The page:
Attracted To Maggie

This island has long become established as a holiday destination

Magnetic Island is one of the most easily accessible islands of the Great Barrier Reef, only 8 km from Townsville in Cleveland Bay, but it’s not your clichéd tropical island paradise. Sure, it has pristine sandy beaches lapped by brilliant turquoise waters brimming with neon-painted marine life, all bathed in tropical Queensland sunshine, but Maggie (as she’s affectionately known) has many features that set her well apart from the palm-fringed coral atolls that are most people’s idea of an island getaway. And she has character, forged by a history that began way before tourists ever alighted on her shores. On a six-week road trip down the Queensland coast from Cairns, we stopped for six days in Townsville – the largest city and de facto Capital of the North – devoting an entire day to the happy task of exploring Maggie’s attractions.

Somewhere on the road south of Mission Beach we left the ‘Wet Tropics’ and entered a drier, more savanna-like climate. Although geographically tropical, Townsville’s topography creates a ‘rain shadow’ that yields much lower rainfall than areas immediately to the north and south, and has a winter dry season with very little rain and lots of sunshine. Even in mid-November, when we stepped out of the car at Rowes Bay Caravan Park (Townsville), we were greeted by a balmy trade wind off the bay, rather than the cloying, sauna-like humidity we had waded through since Cairns.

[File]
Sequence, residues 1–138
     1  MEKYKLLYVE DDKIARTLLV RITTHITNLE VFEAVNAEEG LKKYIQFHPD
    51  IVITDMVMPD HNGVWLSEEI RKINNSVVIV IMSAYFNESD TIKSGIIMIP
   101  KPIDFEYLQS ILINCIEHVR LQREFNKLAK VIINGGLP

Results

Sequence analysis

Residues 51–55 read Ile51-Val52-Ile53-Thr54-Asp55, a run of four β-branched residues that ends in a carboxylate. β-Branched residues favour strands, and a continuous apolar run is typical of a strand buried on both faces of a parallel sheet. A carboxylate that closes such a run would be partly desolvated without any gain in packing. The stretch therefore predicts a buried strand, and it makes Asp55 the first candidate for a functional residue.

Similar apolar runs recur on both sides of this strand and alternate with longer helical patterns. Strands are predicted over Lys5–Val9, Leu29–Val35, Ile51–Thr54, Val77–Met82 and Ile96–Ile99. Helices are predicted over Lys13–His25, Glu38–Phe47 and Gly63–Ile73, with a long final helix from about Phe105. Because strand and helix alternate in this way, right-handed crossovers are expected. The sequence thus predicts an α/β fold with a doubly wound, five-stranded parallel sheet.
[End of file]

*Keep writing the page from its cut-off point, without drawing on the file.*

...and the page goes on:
It must be acknowledged, however, that the region is very much subject to the impact of tropical cyclones. The Bureau of Meteorology database records that, between 1934 and 2000, 15 cyclones tracked within 50 km of Townsville, one of the worst being Category 3 TC Althea in December 1971, which damaged or destroyed 90% of the houses on Magnetic Island. Even ex-tropical cyclones can prove destructive. In January 1998, ex-TC Sid dumped 549mm of rain in a 24-hour period, causing flash flooding and a landslide on the island that destroyed one car, damaged a resort and left massive boulders perched precariously above houses and roads.

Nevertheless, over the years Magnetic Island’s resident population has grown to around 2,200 and become something of a satellite suburb of Townsville, connected by the Sealink ferry service that sails 19 times each day between the city’s Breakwater Terminal and the Nelly Bay marina. On the morning of our excursion to the island, we caught the 7.45 am ferry for the 20-minute crossing of Cleveland Bay, which was a picture of placid perfection barely ruffled by a light sea breeze. The imposing pink granite monolith of Castle Hill (300m) behind the city quickly diminished astern, to be replaced ahead by the equally impressive emerald-clad bulk of Mt Cook (494m) rising in the centre of the island.

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